A research team from the School of Engineering is part of a new project to design, manufacture, demonstrate and evaluate a hydrogen-fuel-cell bus that will be operated by the Birmingham-Jefferson County Transit Authority (BJCTA). The Center for Transportation and the Environment is coordinating the research project that is funded in part by the Federal Transit Administration. Five other teams, including one from Auburn University, also are playing critical roles in the project.
For its part, the UAB research team will test and evaluate the 30-foot-long hydrogen-fuel-cell-powered bus on a variety of routes when it begins carrying passengers through the UAB campus and metro Birmingham as part of the BJCTA fleet beginning in 2009. Specifically, UAB team members will evaluate the fuel cell’s success, performance and reliability.
“This testing in Birmingham gives us a chance to evaluate the fuel cell in a unique, real-world setting,” said Fouad Fouad, Ph.D., the UAB research team leader and chair of Civil, Construction and Environmental Engineering. The performance in the city’s brutally hot and humid summers and over the city’s hills and terrain will help the research team understand how well the bus performs in the real world and the maintenance that is required, he said.
“Only after studying these elements can we decide whether the hydrogen-fuel cell is a viable option to power vehicles in the future,” Fouad said.
Fuel cell as the future
The hydrogen-fuel cell is believed by many to be the successor to gasoline as the power source for the world’s automobiles. Federal legislation, including the Energy Policy Act of 2005, has funded U.S. efforts to make fuel-cell vehicles practical and cost-effective by 2020. The cells generate electrical power quietly and efficiently, without pollution. Heat and water are the only by-products of the alternative power source.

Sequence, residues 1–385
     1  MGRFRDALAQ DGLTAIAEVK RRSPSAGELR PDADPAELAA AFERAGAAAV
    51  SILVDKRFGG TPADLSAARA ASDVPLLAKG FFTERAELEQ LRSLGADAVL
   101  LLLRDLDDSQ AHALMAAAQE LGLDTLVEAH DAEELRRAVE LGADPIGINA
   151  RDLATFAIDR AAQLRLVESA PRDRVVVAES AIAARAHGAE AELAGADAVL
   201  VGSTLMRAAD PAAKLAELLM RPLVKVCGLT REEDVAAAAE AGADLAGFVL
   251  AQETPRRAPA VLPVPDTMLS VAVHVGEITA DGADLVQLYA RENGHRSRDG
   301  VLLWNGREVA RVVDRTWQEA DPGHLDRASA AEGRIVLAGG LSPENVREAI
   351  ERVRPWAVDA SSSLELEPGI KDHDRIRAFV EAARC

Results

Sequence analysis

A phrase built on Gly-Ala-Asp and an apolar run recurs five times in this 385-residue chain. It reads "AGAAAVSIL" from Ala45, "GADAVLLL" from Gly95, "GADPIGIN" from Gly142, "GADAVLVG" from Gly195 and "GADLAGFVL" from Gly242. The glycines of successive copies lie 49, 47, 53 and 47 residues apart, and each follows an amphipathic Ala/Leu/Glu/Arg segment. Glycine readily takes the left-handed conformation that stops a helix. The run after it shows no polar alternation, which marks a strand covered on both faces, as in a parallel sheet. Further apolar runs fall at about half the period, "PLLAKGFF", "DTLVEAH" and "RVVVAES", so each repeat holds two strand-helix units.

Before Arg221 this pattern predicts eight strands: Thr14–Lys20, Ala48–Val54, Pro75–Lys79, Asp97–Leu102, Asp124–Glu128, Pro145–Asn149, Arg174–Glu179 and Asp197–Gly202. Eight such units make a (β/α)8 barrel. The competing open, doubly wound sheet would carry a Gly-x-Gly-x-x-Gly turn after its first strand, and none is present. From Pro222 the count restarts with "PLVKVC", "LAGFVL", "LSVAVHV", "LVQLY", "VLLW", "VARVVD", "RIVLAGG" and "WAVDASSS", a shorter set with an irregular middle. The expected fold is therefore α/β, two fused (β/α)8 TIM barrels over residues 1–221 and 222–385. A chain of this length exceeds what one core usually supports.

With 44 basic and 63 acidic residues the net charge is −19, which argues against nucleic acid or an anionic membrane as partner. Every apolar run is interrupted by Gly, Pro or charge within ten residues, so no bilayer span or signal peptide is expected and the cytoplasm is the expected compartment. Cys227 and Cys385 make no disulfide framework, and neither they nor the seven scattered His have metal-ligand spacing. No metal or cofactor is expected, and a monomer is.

“We are very pleased and excited to begin this initiative, which will make a significant contribution toward the use of transit bus technologies that are less dependent on fossil fuels and, as a result, less harmful to the environment,” said Linda Lucas, Ph.D., dean of Engineering.
While gas and fuel costs are now well below record summertime highs, the fuel-cell research at UAB will prove critical because concerns over oil’s environmental impacts and finite future supply will continue the push toward alternative fuel and energy sources worldwide, said UAB researchers. Public education and outreach regarding the fuel cell’s potential environmental and community benefits will be provided during the term of the research by the university’s Environmental Awareness Research Technology and Health (EARTH) Center.
“There is a need for renewable, alternative fuel sources at every angle,” Fouad said. “Whether for reasons of costs, foreign-fuel dependency or environmental impacts, we must study alternative fuels and integrate them into society.”
Additional project players
Research project partner EVAmerica, LLC, based in Chattanooga, Tenn., will build the Ecobus in one of its Georgia facilities. Embedded Power Control Inc and Hydrogenics Corp. will develop the hydrogen-fuel cell and integrate it into the bus’ propulsion system. Fab Industries will manufacture the hydrogen-storage tanks for the vehicle at a facility in Anniston. Before joining the BJCTA fleet in Birmingham for UAB led research, the bus will be tested at the National Center for Asphalt Technology in Opelika by researchers from Auburn University.
The project conducted in part by UAB and the BJCTA is funded through early 2011.